Pedaling odyssey to the roof of the world

Traveling to the top of the world was quite a feat for Chen Junwei, 20. He wasn't driving; he was pedaling. 
Pedaling odyssey to the roof of the world
Chen Junwei / Ti Gong

Chen Junwei finds companions along his cycling trip from Shanghai to Tibet. 

Start underneath the Yan’an Elevated Road and head out on National Highway 318. In 4,235 kilometers, you will reach Tibet. Those directions from his granny were the start of an adventure that one young man will never forget. 

Traveling to the top of the world was quite a feat for Chen Junwei, 20. He  wasn’t driving; he was pedaling. 

“I was sort of obsessed with the idea of traveling to Tibet, for no particular reason,” he said of his bicycle odyssey. “Maybe it’s just because I wanted to do something wild at this stage of my life. I wanted to feel like I made to Tibet by my own two feet.”

Chen kicked off his trip in People’s Square on July 9 and clocked over 150 kilometers a day. He kept his bike pack light at 25 kilograms of basic essentials. “I saw mountains and terrain that never seen in Shanghai,” he said. “I ate well, trying all the local specialties along the route. I met interesting people along the way.”

Pedaling odyssey to the roof of the world
Chen Junwei / Ti Gong

Chen poses on a pass over Dongda Mountain, attitude of 5,130 meters.

The first day of the trip was the hardest, Chen said, though it began amid high spirits. By the end of the day, his leg muscles were sore and he was tempted to turn back. He resisted the urge.

Attempting the trip alone was a great risk. Experienced cyclists will tell you that it’s best to travel with other people if you want to go to Tibet. By luck, Chen encountered two former soldiers on his second day out, and they all agreed to cycle together for at least part of the trip. Companionship lightened Chen’s mental isolation.

“People often ask me what’s the biggest thing I gained from the trip,” he said. “I tell them I have become more outgoing because of the people I met along the route. Total strangers bonded, sharing their assistance and generosity. It’s rare to see that happen in big urban societies.”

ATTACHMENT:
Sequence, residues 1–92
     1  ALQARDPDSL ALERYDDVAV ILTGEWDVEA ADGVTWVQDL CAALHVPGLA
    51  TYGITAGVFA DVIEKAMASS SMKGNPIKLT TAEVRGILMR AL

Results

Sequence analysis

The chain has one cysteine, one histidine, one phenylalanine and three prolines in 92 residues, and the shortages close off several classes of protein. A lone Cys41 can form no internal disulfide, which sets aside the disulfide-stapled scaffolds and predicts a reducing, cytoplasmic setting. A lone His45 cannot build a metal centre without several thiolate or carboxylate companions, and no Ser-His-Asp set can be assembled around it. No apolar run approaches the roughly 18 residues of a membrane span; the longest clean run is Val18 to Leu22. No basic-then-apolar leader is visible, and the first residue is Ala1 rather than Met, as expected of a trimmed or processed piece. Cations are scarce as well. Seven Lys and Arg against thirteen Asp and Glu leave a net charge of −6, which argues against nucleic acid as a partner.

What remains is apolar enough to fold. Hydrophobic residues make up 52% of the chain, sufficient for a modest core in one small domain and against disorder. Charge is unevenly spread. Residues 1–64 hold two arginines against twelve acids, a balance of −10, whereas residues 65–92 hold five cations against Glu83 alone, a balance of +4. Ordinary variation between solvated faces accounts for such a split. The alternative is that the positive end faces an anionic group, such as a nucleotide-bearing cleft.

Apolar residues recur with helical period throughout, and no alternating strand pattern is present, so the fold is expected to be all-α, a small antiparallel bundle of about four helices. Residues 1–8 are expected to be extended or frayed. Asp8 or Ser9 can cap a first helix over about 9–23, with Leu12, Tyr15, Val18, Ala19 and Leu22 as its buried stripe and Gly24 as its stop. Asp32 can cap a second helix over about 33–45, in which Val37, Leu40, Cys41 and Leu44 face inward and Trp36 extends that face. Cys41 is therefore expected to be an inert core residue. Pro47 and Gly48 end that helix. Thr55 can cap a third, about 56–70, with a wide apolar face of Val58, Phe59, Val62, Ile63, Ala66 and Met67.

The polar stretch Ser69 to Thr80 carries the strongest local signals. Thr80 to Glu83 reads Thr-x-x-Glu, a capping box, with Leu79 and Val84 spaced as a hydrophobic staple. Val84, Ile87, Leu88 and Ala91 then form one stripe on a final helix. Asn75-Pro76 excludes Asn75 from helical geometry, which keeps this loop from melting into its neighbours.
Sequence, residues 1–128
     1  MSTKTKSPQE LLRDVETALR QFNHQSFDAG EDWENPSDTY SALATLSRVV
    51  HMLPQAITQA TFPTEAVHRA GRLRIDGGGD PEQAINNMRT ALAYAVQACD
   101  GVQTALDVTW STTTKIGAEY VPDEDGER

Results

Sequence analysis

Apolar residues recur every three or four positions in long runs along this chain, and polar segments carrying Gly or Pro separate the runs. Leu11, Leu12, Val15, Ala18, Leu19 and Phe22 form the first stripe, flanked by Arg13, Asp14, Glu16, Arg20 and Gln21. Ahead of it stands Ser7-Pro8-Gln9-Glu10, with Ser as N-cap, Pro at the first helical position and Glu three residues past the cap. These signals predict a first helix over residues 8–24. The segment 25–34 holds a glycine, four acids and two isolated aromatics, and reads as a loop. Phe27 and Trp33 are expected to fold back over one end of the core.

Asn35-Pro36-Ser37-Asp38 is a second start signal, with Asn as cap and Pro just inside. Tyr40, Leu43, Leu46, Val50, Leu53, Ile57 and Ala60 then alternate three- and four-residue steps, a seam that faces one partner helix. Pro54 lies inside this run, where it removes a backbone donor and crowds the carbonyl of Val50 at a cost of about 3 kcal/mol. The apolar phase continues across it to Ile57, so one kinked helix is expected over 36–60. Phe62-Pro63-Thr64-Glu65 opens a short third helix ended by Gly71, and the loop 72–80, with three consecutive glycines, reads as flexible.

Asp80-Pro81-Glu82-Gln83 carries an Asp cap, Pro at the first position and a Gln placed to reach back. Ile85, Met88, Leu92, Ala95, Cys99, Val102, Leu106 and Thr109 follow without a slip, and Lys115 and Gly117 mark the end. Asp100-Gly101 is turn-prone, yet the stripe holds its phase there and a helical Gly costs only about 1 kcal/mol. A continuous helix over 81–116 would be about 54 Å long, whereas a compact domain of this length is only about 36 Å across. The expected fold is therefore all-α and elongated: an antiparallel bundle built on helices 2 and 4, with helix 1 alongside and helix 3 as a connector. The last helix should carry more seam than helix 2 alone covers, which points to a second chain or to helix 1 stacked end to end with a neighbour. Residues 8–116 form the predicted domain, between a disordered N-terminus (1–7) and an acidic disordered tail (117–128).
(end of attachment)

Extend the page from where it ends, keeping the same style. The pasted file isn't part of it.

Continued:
Many have cycled to Tibet, and some haven’t made it. A few days before Chen embarked on the infamous “72 turns downhill” in Nujiang in Yunnan Province, a cyclist fell from the mountain and died.

“There were two times when I nearly lost my life,” Chen recalled with a shudder. “Once was on a downhill when I fell off the bike at a sharp turn. Luckily, I fell toward the mountain and not off the cliff on the other side. I hurt my knees badly, but the first thing I felt wasn’t pain but rather the fear that I might not be able to continue the journey.”

He added, “The other time was when altitude sickness almost killed me.”

Pedaling odyssey to the roof of the world
Chen Junwei / Ti Gong

Chen gets a welcome khata scarf from a Tibetan after arriving in the Tibetan capital of Lhasa.

With glimpses of Mount Everest in front of him, he ascended the forbidding mountain pass of Gyatso La. At an altitude of 5,248 meters, he had finally reached his destination.

“I was standing there, soaking in the view,” he said. “I was overcome with a contentment and sense of fulfillment that I had never felt before.”

With oxygen thin at that altitude, Chen began the downhill when things spun out of control. He felt a sharp pain in his chest and paralysis in his limbs. Unable to breathe easily or move, Chen rolled down the road. He was far away from the main highway and feared no one would find him. 

The prospect of death crossed his mind.

“Maybe it’s hard for people to relate to that kind of fear,” he said. “It’s not like being injured or sick when you know you can go to a hospital. At that moment, as I lay there alone, I wasn’t sure I would be rescued.”

He mustered all the courage he had, telling himself that he had to survive. 

Fate intervened. A military truck passed by, and soldiers gave him water and oxygen. Then a van of photographers passed and agreed to give him a lift.

Chen remains quite humble about his achievement. It isn’t as impressive as it looks, he said. 

“Of course, I’m proud of myself,” he said. “But now it’s time to focus on university study and think about all the adventures ahead in my life."

Special Reports